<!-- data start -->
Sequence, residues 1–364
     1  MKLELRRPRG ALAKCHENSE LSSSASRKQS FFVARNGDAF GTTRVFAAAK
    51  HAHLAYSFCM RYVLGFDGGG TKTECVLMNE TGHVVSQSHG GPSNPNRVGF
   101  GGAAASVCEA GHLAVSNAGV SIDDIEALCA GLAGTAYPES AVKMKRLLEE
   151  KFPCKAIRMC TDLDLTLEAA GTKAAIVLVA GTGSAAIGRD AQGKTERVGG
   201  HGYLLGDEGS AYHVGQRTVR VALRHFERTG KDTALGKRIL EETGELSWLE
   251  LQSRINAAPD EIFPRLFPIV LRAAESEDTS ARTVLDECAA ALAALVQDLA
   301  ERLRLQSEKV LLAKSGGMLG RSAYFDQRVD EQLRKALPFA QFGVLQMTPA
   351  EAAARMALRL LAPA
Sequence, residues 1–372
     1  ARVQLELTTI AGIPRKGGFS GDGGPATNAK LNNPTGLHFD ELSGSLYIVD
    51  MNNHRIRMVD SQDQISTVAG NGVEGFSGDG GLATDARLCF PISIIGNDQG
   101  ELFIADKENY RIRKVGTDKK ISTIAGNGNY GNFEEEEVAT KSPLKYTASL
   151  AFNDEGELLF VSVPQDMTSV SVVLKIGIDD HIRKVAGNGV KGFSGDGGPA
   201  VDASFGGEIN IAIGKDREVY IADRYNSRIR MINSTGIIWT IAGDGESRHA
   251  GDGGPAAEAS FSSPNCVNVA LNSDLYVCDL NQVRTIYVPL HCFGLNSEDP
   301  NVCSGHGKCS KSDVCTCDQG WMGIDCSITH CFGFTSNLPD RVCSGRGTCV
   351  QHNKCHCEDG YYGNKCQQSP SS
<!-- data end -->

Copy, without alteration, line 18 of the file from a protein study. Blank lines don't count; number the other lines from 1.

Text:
   351  QHNKCHCEDG YYGNKCQQSP SS